Name : Francisca Chiamaka Umeh
Title of thesis : Digital Business Readiness Assessment Framework: A Study of Fashion Retail SMEs in Lagos, Nigeria.
Course : PhD in Computing and Information Systems
Year completed : 2021
Dr Chekfoung Tan
Associate Professor in Transformation Leadership at University College London
Dr Yu-Chun Pan
Interim Programmes Director and Associate Professor at Northeastern University
Prof Hafiz Khan
Professor of Public Health and Statistics at the University of West London
Small-medium enterprises (SMEs) are key players in the global economy. Nonetheless, the level of SMEs incorporating digital business strategies is limited, affecting the extent to which SMEs are in a position to drive a digital economy. Moreover, many SMEs in emerging economies are unprepared to participate fully in digital business, due to poor behavioural intention to use technology, poor decision-making strategies, low customer readiness and lack of long-term digital initiatives.
To address these challenges, assessing the digital business readiness level is crucial, especially as techno-anxiety, techno-complexity, and parsimony (reluctance to spend money) are emerging causatives of poor digital business and technology alignment at the digital business readiness level. ‘Techno-anxiety’ is an extreme unwillingness to use technology due to digital security apprehension. ‘Technocomplexity’ is extreme unwillingness to use technology due to digital intricacy. Parsimony is extreme unwillingness to spend money. And these negative factors have led to an increase in consumer over-dependency on foreign and imported goods. For example, there is a high dependency on foreign and imported goods from fashion retailers in Lagos, Nigeria - a significant economic hub in West Africa and globally. Francisca's PhD developed a digital business readiness assessment framework (DBRAF) for fashion retail SMEs. DBRAF is a digital business readiness assessment tool, which examines fashion retail SMEs in order to identify the specific areas that need to be addressed to reach the desired level of digital business readiness and avoid business failure. DBRAF scores between LDBRL, the MDBRL and the HDBRL. Low DBRL (LDBRL) means that the SMEs are very predictable, and technology is inactive. Medium DBRL (MDBRL) means that fashion SMEs are responsive businesses. High DBRL (HDBRL) means that the fashion retail SMEs are technologically optimised and have been able to maintain a position in the competitive market. Ultimately, to be digitally ready, organisations must demonstrate the ability to adopt essential and fundamental ICT, in the manner of enterprise social networks and other social computing for such business purposes.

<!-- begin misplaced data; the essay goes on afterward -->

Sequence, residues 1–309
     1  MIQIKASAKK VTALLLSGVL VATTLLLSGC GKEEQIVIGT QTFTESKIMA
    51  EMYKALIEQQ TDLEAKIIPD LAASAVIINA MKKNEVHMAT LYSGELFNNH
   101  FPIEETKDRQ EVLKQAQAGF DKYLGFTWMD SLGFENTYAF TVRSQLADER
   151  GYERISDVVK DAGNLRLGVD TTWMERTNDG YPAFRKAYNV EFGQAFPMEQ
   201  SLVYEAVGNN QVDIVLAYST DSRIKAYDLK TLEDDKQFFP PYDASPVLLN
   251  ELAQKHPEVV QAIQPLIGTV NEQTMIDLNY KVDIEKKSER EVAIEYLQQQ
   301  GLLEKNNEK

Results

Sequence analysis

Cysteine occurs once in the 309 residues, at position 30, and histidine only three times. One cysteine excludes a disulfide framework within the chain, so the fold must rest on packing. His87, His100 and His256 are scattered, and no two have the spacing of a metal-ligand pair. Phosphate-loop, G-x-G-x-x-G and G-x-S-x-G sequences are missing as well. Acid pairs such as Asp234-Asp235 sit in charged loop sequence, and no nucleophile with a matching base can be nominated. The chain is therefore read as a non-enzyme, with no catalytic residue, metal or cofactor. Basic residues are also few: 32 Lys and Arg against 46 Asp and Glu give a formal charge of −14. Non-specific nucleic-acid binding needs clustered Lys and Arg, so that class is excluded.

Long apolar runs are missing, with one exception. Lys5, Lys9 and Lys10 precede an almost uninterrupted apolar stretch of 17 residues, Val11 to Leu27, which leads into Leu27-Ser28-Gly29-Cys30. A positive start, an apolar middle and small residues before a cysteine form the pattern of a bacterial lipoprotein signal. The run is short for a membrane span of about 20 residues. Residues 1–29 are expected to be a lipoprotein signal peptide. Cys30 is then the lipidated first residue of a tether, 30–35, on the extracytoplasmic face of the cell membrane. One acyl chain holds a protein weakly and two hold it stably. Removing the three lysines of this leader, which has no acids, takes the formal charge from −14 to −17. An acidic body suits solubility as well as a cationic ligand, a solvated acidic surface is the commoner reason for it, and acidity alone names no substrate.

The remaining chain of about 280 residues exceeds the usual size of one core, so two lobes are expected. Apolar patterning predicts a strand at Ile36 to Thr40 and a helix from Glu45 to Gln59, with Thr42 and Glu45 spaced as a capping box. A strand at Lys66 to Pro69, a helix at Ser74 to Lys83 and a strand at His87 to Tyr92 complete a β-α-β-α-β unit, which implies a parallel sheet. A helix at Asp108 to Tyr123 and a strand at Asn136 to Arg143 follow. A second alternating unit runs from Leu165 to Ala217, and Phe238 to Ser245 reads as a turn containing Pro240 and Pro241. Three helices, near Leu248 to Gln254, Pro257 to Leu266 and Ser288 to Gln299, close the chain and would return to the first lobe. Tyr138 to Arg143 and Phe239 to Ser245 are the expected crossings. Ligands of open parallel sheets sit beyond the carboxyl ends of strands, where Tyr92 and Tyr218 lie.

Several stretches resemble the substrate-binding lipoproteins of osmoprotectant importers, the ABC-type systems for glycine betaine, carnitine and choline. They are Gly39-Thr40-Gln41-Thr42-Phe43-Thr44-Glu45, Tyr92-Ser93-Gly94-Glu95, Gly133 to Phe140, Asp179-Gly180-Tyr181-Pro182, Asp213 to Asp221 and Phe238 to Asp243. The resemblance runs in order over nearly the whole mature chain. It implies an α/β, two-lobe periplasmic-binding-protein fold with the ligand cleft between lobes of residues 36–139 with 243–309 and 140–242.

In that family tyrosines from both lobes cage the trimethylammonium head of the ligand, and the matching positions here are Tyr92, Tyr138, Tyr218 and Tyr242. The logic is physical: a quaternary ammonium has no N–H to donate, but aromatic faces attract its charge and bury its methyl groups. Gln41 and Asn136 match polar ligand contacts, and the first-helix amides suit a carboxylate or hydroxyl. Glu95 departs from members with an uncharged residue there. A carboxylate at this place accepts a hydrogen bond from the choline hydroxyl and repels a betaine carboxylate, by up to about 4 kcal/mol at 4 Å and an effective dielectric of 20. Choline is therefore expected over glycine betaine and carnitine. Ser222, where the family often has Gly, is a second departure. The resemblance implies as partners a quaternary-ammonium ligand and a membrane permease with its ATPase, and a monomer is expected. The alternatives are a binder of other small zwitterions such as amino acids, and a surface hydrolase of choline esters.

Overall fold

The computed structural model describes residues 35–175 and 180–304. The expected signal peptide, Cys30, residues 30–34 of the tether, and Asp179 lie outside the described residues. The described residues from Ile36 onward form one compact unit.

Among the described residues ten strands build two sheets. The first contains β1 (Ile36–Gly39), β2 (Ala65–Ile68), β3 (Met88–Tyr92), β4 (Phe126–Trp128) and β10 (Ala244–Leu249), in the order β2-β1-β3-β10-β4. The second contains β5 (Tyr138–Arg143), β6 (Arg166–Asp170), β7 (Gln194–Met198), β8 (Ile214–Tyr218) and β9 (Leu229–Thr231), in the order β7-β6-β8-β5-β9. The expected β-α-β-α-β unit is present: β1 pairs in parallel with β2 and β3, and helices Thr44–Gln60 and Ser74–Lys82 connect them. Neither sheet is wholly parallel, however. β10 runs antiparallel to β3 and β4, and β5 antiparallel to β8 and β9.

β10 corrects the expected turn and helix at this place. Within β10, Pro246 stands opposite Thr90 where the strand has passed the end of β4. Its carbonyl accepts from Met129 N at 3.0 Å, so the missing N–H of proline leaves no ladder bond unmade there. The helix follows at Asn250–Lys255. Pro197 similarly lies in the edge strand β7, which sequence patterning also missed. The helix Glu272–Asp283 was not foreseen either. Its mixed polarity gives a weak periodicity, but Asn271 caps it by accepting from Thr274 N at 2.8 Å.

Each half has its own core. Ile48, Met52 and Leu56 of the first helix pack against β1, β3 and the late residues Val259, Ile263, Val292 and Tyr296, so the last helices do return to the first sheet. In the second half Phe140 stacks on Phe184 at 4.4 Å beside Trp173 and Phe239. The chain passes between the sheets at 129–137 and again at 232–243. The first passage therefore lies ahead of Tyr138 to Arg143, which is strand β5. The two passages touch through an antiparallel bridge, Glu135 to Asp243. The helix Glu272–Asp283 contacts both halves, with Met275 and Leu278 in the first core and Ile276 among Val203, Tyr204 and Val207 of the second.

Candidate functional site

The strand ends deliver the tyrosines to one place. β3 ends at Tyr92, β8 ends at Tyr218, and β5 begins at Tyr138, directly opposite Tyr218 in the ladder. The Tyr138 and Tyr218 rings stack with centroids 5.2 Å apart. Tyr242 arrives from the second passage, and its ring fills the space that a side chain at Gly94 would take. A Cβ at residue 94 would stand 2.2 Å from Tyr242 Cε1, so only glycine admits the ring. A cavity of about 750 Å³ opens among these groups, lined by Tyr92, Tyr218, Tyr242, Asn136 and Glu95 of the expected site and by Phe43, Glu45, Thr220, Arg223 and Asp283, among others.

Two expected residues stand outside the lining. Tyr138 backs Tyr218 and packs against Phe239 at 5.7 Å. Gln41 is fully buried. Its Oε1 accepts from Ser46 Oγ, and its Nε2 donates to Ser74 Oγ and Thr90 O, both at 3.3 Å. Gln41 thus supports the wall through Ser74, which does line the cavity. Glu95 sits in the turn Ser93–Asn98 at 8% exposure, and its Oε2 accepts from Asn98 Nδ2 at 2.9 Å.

Essentially, DBRAF achieves two critical things. First, it shows whether the SMEs are reluctant to adopt innovative strategies in Lagos, Nigeria. And secondly, the aim is to convert businesses from techno-disadvantaged to digitally transformed enterprises. The digital business readiness assessment tool could be developed into a software solution to automate the entire process in DBRAF. Automating DBRAF can extensively facilitate its application level by distributing the assessment tool to more SMEs. Moreover, the software can also be built as an offline software – one that does not require an internet network connection, so as to improve privacy, functionality, and compliance in a less developed context.
DBRAF has been presented at several conferences, including the UK Academy for Information Systems (UKAIS) and UWL Doctoral conferences. Francisca is a member of the Association of Information Systems, and lectures Digital Enterprise at the University of West London, where she continues to offer more insights into the role of digital enterprise in the 21 st Century.